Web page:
On a recent birding outing around Forest Park the birds had made themselves scarce but the bugs were out in force.  So I made lemonade from lemons (maybe not the best metaphor when dealing with bugs) and focused my camera on the six-legged set, in particular on a Blue Dasher (Pachydiplax longipennis).  This particular dragonfly was kind enough to sit still, first on a dead stalk and then on the edge of a leaf.  I photographed him (and it is a him, one can tell by the two black streaks on the hind wings near their base) from every angle I could think of, and then did it again.

Blue Dasher

But how did I know that it is a Blue Dasher?  Well, the dark-tipped, pale blue abdomen was the first clue, followed by the white face and greenish eyes.  When I got close enough, the black and yellow striped thorax was the final clue.

Blue Dasher in profile

By the way, the black round things that are visible on the back end of the thorax are some kind of mite, and this dragonfly had them there and all over the underside of his tail.  That can’t be comfortable!

Blue Dasher

Blue Dashers have a long flight season, and are found in southern Canada, across the entire contintental United States except for the north-central area of the country, and, presumably, south into Mexico.  According to couple of sources online, in the spring Blue Dashers are larger and those that emerge later in the season are smaller.  And, despite the Latin “longipennis” in the scientific name these dragonflies are not particularly long-winged.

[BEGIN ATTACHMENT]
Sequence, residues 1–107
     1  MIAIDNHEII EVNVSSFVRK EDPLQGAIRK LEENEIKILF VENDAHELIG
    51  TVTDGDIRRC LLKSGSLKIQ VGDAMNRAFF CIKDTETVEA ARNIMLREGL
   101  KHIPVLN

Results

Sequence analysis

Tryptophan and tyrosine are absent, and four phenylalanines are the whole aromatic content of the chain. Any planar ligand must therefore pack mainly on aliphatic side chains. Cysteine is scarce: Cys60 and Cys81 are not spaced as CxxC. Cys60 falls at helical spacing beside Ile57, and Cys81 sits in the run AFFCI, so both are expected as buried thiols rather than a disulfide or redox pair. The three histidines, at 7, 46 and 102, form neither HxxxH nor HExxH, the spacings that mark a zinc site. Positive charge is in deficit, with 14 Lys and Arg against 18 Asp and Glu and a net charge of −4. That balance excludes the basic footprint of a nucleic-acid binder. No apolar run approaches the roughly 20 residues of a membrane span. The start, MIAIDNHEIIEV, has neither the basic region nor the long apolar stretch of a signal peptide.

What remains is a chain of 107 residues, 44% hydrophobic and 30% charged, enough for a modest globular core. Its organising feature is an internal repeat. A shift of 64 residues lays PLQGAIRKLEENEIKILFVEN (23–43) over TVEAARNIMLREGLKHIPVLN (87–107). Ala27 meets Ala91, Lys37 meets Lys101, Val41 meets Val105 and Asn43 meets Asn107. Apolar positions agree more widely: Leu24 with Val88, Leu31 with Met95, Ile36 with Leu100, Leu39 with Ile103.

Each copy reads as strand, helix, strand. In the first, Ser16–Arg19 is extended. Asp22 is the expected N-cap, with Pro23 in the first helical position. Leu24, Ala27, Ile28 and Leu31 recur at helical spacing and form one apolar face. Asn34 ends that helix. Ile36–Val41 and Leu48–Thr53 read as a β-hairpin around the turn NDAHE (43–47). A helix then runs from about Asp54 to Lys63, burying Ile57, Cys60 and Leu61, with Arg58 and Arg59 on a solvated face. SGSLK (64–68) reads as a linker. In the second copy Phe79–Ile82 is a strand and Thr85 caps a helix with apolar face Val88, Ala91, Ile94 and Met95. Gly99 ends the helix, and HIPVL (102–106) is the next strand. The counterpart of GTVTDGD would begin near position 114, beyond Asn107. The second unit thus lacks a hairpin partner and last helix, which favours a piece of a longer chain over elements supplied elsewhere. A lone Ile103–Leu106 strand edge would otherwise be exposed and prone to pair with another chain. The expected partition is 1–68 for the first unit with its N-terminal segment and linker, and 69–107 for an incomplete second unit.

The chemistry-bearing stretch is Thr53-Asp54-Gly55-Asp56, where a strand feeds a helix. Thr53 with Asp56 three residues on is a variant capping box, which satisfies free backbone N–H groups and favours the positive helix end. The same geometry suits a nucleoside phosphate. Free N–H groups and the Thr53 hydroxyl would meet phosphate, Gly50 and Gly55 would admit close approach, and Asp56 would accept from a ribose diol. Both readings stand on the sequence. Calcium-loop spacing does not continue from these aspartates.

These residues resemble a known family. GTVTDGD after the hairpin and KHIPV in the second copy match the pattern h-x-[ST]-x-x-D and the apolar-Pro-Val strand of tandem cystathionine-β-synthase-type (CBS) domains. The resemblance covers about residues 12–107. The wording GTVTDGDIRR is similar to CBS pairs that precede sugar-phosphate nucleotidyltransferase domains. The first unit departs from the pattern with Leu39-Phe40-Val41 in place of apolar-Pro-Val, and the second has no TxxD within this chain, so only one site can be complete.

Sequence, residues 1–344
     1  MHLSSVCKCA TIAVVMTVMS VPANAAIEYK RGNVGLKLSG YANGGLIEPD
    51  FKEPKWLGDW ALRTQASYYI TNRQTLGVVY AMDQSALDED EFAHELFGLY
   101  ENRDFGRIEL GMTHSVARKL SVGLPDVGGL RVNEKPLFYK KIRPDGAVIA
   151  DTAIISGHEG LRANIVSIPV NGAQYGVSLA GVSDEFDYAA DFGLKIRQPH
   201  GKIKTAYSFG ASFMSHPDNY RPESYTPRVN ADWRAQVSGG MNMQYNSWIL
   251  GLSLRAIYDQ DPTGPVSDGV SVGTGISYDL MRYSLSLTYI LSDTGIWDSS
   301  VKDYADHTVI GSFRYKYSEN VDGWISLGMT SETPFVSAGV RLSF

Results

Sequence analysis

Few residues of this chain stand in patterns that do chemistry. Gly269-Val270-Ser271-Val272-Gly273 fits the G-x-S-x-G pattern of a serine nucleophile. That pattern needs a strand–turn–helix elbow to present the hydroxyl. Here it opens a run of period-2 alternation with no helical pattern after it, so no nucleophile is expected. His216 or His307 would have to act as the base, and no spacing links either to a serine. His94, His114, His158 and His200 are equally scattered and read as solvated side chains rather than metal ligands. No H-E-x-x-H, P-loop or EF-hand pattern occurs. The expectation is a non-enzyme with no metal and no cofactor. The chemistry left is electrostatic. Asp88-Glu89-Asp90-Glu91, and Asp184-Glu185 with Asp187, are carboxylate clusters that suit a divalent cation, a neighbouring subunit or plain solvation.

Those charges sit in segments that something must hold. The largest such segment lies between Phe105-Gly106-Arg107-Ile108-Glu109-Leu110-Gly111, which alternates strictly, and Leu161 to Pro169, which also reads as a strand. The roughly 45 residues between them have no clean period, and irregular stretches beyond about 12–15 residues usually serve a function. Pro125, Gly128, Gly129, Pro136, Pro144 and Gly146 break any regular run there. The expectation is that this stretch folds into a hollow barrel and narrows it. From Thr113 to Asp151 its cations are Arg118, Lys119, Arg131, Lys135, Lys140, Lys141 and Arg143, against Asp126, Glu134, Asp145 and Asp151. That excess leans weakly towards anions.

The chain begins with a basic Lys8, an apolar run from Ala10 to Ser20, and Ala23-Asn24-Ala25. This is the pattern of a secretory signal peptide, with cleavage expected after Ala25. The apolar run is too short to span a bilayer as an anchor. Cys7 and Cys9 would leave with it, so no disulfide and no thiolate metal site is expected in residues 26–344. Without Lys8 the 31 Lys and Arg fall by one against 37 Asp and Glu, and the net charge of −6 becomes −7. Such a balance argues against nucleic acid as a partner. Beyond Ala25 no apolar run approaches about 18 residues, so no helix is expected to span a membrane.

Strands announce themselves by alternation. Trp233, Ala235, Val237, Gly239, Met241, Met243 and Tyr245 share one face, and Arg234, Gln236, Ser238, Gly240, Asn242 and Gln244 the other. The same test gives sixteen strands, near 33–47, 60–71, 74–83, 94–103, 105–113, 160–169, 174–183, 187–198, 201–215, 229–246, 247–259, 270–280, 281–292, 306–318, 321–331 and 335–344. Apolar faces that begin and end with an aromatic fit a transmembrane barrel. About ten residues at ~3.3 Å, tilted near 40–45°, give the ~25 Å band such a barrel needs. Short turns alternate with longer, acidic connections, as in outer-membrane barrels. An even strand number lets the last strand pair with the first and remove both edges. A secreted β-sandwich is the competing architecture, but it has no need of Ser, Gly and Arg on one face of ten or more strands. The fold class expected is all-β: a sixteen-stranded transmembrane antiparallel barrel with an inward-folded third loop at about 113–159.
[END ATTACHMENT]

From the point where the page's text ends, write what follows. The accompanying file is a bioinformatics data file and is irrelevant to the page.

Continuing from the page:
Blue Dasher

So get out there looking for Blue Dashers: you can find them wherever there is still water.  Enjoy!

Blue Dasher

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Written by Corey
Corey is a New Yorker who lived most of his life in upstate New York but has lived in Queens since 2008. He's only been birding since 2005 but has garnered a respectable life list by birding whenever he wasn't working as a union representative or spending time with his family. He lives in Forest Hills with Daisy, their son, Desmond Shearwater, and their indoor cat, B.B. His bird photographs have appeared on the Today Show, in Birding, Living Bird Magazine, Bird Watcher's Digest, and many other fine publications. He is also the author of the American Birding Association Field Guide to the Birds of New York.